Monica McLemore, PhD ’10“There has been mistreatment and disrespect of black people seeking health care for probably as long as the United States has been in existence,” she said. “From the individual [factors] all the way to the structural, black people have not fared well in our health system.”

Monica’s experience with American health care goes back to her childhood in New Jersey. Born premature, she had to visit physicians a lot as a kid. But the nurses made a bigger impression. They were so kind to her that, at age 8, McLemore decided that she wanted to be one when she grew up.

So she did. And as a nurse, she grew interested in not just treating clinical problems, but preventing them. McLemore pursued a master’s degree in public health, then earned her doctorate in nursing at UCSF. Today, she’s an associate professor in UCSF’s Department of Family Health Care Nursing – and one of only five black faculty members who have achieved tenure since the School of Nursing was founded in 1907. She’s devoted her career to advancing reproductive health and turning around the black maternal health crisis in the US.

Most of McLemore’s studies ask questions like: What’s behind the unusually high rates of preterm birth in communities of color? Why have black and brown women suffered from so many preventable complications related to pregnancy, like hemorrhages?

Many problems are linked to these sad statistics. Poor neighborhoods with limited resources and failing public schools. Unreliable public transit. Limited access to fresh foods. As hardships compound, black women become more likely to develop conditions that can make pregnancy challenging, like diabetes and hypertension. Many struggle with chronic stress, which further erodes their health over time.

Women who have participated in McLemore’s studies also describe experiencing racial discrimination from health care providers. They talk about physicians and nurses who ignore their questions and dismiss their pain. Even tennis star Serena Williams had trouble getting tests she needed to diagnose a dangerous blood clot in her lungs the day after her daughter was born.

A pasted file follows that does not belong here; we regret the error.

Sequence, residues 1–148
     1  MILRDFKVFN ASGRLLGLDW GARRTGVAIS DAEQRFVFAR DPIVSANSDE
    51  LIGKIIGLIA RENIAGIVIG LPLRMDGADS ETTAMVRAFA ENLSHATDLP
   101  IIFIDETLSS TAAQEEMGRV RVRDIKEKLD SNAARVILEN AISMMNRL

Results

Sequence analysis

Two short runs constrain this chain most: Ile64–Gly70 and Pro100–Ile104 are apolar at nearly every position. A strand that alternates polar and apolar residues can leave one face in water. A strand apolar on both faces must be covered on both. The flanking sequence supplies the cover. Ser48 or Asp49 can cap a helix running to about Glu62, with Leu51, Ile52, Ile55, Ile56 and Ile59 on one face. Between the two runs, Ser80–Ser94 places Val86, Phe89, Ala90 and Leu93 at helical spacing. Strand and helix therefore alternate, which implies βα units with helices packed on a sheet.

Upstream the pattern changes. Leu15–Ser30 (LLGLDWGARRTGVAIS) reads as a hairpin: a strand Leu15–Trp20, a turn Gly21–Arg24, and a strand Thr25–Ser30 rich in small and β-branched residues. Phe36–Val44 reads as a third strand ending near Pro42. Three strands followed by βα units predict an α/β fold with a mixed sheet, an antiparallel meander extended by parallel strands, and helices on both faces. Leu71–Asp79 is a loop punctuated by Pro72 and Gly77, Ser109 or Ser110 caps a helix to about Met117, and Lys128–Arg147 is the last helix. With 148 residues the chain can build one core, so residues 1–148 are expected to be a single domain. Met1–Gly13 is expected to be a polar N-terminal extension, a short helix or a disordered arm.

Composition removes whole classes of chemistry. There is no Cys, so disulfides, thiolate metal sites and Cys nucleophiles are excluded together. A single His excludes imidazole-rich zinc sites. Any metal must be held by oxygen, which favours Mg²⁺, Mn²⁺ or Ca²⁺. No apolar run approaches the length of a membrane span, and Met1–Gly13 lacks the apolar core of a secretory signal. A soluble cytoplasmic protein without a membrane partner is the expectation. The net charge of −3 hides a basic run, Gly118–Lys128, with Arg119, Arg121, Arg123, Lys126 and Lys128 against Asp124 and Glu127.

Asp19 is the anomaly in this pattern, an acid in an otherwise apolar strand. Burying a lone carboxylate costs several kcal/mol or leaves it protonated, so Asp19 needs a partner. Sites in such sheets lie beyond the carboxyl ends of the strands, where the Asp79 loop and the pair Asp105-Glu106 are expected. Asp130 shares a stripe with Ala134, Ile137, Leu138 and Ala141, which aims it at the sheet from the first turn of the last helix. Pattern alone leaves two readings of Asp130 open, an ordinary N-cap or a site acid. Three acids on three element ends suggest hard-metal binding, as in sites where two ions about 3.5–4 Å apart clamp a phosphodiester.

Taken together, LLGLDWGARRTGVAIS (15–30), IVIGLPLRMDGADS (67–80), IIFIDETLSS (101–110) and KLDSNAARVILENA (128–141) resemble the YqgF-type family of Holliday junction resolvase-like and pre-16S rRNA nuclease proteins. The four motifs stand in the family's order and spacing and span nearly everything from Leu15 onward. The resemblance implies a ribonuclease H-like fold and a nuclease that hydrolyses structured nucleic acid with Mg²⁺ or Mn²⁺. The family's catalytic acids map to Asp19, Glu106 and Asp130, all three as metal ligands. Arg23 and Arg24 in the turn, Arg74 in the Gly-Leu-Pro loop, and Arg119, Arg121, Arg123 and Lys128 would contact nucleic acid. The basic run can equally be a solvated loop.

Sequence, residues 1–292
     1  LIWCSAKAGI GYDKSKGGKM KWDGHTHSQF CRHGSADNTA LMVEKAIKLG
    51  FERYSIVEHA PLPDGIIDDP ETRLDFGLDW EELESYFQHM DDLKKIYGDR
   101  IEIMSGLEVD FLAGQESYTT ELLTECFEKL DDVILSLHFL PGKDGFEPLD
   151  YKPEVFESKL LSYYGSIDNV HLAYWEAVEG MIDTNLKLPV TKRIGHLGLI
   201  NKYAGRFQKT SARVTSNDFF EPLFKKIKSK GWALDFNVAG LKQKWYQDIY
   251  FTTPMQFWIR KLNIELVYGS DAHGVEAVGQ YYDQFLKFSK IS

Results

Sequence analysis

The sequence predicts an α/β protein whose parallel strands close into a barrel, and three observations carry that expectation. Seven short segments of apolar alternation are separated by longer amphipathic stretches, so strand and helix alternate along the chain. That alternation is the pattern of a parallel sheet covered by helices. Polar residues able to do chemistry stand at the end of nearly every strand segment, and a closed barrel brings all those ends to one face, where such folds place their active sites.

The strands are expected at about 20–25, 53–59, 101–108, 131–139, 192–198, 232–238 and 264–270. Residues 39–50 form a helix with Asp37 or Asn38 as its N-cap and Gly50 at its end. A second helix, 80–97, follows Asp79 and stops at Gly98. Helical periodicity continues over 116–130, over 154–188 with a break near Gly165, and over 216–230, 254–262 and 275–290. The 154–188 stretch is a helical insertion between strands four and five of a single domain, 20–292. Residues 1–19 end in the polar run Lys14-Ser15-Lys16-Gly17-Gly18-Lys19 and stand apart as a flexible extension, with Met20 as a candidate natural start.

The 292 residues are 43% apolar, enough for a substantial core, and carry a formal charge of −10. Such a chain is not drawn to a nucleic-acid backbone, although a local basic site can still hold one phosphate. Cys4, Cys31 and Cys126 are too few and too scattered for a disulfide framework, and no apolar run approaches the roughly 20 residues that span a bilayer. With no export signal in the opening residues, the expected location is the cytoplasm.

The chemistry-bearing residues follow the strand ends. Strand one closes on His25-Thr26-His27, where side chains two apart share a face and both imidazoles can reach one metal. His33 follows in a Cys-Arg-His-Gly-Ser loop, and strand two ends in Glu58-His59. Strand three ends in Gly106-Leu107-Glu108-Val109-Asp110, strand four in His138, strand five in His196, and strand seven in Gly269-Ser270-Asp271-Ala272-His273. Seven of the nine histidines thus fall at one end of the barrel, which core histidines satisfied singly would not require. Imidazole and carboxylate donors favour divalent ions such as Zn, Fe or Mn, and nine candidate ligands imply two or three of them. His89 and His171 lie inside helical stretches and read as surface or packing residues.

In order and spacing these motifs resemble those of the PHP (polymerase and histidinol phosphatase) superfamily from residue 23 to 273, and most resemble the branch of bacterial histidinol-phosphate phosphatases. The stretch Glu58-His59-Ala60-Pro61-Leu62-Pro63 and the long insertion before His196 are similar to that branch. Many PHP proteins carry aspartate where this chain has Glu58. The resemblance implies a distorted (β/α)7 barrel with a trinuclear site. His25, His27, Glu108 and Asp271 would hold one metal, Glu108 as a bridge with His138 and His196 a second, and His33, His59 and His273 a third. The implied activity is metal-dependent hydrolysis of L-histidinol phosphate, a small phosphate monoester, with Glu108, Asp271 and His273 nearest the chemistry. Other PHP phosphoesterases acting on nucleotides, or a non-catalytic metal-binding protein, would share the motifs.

Much of McLemore’s work draws on insights from women who have faced injustice related to their reproductive health. It’s an approach that runs counter to the quantitative science that many Americans associate with clinical expertise. Although McLemore conducted her doctoral research on ovarian cancer biomarkers from a laboratory, she finds qualitative approaches crucial to answering the questions that intrigue her most.

“Lived experience is to public health as health history is to clinical health service provision,” she said. “I think that people who live with conditions are experts by experience. They know exactly what they need. They know exactly how to manage with the resources that they have. To not build on that expertise, in my opinion, seems really dumb.”

To counter discrimination in the health care system, McLemore uses her platform as an expert to advocate for policy changes across the country, from diversifying the medical workforce to increasing public funding for studies on health issues that affect women of color.

She credits the experience and relationships she’s gained at UCSF with helping her become the kind of public intellectual who doesn’t just talk about problems; she also supports initiatives that make a difference. One example: Some of the women who participated in a study McLemore led – a 2013 project that trained formerly incarcerated women to work as doulas – continue to offer information and emotional support to pregnant women in jail today.

In the last few years, McLemore’s work has brought her before some high-profile audiences. Her research has been cited in briefs submitted to the Supreme Court for three legal cases related to reproductive rights. And in 2016, she spoke about UCSF’s Preterm Birth Initiative at the White House Frontiers Conference. Then-President Barack Obama hosted the event to showcase innovation around the world.

“Your UCSF mentors open doors for you that allow you to be able to present your work in ways that you never imagined,” McLemore said. “I got to fist-bump President Obama.”

When asked how she felt about winning an award for audacity, McLemore laughed. “I prefer the term ‘badass,’” she said, “but audacious works. All it really means is a person showing a willingness to take surprisingly bold risks … What's the point of having power if you're not going to wield it?”

Monica McLemore won a 2020 UCSF Campaign Alumni Award in the “Audacious” category. The award honors those who have achieved a remarkable accomplishment by setting a compelling vision for something so impactful that others might have doubted that it could be done.

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